Syria said Monday it was ready to help confront the rising threat from the Islamic State group, but warned the United States against carrying out air strikes without Damascus’s consent, saying any such attack would be considered an aggression.
In seeking to portray itself as a partner for the international community, Syria seemed intent on capitalizing on the growing clamour among some U.S. officials, including military leaders, to expand the current American air campaign against the Islamist extremists in Iraq and to hit them in Syria as well.
U.S. President Barack Obama has long been wary of getting dragged into the bloody and complex Syrian civil war that the UN says has killed more than 190,000 people. He has resisted intervening militarily in the conflict, even after a deadly chemical-weapons attack a year ago that Washington blamed on President Bashar al-Assad’s government.
But the extremist group’s rampage across wide swaths of Iraq, declaration of a state governed by their harsh interpretation of Islamic law in territory spanning the Iraq-Syria border and grisly beheading of an American journalist have injected a new dynamic into those calculations. Now, Mr. Obama faces pressure from his own military leaders to go after the extremists inside Syria.
General Martin Dempsey, chairman of the Joint Chiefs of Staff, said last week that the Islamic State would need to eventually be addressed on “both sides of what is essentially at this point a non-existent border” between Syria and Iraq.
But U.S. officials cautioned Monday that no decision had been made to expand air strikes beyond the limited ones under way in Iraq. “We’re just not there yet,” said a senior U.S. defence official, speaking on condition of anonymity.
However, the Wall Street Journal reported Monday that according to senior U.S. officials, preparations are being made to fly surveillance aircraft over Syria to gather intelligence on Islamic State targets for a possible expansion of the air campaign.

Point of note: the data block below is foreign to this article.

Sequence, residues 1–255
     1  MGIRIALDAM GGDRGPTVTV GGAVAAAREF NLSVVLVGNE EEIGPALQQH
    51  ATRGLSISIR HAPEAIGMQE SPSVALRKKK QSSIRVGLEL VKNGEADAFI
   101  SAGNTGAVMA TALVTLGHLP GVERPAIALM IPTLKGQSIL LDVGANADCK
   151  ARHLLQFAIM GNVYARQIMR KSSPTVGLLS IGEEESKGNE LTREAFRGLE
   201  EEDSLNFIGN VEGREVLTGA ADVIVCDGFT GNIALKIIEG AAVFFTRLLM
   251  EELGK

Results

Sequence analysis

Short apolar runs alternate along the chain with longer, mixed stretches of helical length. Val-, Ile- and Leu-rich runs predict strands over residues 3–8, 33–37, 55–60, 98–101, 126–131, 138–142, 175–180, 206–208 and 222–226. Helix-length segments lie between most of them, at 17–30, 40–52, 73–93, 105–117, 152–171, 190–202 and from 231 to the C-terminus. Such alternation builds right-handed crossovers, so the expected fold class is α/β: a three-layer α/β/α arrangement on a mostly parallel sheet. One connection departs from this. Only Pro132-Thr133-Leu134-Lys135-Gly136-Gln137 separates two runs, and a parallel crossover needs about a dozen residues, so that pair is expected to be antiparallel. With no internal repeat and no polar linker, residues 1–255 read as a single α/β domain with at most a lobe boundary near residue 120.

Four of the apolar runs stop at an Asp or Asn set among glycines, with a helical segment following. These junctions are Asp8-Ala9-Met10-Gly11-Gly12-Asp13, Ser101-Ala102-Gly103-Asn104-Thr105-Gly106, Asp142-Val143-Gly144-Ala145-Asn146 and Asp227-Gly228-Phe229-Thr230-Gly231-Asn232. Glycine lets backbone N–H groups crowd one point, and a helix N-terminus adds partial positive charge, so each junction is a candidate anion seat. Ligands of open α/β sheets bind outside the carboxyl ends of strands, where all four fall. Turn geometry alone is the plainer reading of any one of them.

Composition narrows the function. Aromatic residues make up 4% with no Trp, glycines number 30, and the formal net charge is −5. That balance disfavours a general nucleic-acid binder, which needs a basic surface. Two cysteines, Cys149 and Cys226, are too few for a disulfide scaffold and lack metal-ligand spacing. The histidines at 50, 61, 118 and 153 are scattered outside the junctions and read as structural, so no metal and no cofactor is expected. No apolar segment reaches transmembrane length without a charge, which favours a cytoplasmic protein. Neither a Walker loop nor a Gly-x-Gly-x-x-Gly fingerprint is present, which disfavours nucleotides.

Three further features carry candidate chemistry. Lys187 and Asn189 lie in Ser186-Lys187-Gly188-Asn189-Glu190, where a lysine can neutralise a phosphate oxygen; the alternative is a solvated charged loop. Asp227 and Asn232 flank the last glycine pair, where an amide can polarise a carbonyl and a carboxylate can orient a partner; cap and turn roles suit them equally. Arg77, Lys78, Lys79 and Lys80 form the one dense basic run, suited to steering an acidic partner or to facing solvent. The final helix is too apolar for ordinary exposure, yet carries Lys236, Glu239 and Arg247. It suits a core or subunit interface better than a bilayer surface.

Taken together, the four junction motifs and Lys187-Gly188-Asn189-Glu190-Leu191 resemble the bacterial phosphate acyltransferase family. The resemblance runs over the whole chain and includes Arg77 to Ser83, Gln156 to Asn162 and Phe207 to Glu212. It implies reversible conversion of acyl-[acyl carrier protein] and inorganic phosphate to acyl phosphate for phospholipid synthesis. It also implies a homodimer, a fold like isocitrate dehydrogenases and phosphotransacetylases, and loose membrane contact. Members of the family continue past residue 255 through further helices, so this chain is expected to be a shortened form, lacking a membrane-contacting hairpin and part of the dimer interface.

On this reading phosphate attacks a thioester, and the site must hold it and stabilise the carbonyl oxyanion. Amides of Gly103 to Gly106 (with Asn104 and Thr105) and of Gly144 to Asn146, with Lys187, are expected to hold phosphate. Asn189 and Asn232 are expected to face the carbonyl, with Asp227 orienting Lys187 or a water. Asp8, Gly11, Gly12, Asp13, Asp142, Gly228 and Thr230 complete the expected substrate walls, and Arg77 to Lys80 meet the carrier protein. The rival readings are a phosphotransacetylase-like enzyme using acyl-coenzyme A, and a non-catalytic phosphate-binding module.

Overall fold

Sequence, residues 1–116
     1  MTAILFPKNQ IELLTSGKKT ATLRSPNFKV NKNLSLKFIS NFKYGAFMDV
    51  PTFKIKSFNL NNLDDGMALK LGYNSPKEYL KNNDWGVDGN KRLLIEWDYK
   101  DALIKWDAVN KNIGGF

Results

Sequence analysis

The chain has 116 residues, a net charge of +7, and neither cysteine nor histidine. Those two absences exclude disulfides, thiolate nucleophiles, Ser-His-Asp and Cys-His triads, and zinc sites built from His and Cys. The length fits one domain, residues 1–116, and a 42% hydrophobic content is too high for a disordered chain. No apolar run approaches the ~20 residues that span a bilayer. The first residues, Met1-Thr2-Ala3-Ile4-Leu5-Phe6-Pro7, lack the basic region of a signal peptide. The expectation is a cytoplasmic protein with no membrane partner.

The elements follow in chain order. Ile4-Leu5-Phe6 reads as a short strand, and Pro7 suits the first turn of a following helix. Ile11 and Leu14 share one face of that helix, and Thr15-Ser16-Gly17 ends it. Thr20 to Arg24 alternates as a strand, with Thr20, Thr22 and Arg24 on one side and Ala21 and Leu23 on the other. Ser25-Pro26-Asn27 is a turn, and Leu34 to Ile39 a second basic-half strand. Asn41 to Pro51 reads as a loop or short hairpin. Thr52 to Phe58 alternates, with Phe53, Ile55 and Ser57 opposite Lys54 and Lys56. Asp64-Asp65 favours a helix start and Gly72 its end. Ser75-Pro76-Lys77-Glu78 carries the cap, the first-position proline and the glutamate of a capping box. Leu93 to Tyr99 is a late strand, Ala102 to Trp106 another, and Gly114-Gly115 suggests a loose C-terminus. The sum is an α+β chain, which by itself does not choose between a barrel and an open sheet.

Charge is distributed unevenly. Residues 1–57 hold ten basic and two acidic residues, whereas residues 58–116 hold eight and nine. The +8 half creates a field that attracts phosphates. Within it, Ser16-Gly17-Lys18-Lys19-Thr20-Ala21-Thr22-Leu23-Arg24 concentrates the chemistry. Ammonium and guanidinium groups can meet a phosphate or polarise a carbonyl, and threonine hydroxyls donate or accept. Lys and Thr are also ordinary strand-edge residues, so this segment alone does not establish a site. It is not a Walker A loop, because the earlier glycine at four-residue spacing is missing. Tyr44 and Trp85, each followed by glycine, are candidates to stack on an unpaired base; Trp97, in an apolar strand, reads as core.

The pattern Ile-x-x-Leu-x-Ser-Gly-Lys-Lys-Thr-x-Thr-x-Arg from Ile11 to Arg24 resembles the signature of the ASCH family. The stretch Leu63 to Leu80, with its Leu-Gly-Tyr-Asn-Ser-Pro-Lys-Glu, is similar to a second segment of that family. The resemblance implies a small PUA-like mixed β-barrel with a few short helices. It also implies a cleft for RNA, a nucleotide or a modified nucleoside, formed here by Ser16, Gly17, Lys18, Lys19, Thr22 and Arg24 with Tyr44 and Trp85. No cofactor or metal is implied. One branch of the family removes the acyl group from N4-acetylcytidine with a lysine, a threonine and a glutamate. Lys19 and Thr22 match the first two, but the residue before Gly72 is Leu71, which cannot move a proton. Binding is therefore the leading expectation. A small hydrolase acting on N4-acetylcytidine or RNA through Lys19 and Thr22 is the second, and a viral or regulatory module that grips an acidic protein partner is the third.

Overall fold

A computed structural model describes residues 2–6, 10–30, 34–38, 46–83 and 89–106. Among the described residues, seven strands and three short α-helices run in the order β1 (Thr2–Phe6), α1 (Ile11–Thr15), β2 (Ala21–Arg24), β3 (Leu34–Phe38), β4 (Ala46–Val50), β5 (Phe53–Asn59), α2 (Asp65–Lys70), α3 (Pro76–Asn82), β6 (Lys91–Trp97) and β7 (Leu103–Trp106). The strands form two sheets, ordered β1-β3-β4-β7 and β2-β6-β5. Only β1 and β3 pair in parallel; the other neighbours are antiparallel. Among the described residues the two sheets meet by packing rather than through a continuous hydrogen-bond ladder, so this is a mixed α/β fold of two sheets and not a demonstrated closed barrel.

Speaking in Damascus, Syrian Foreign Minister Walid al-Moallem appeared acutely aware of how much has changed since last August, when the U.S. was threatening to carry out punitive air strikes against Mr. al-Assad’s government in the wake of the chemical attack. Since then, global disapproval has shifted away from Mr. al-Assad and toward the Islamist extremists who are fighting him and spreading destruction across Syria and Iraq.
Mr. al-Moallem told reporters his government is ready “to co-operate and co-ordinate” with any side, including the U.S., or join any regional or international alliance against the Islamic Stategroup. But he said any military action inside Syria should be co-ordinated with the government, “which represents Syrian sovereignty.”
“Any strike which is not co-ordinated with the government will be considered as aggression,” he said.
He said Damascus repeatedly has warned of the threat of terrorism and the need to cut off resources and funding, but “no one listened to us.” Syria’s government has long described the rebels fighting to topple Mr. al-Assad as “terrorists” in a foreign conspiracy.
In Moscow, Russian Foreign Minister Sergei Lavrov also said Western nations that long refused to condemn Mr. al-Assad’s enemies were now coming to realize the threat posed by the Islamic State group.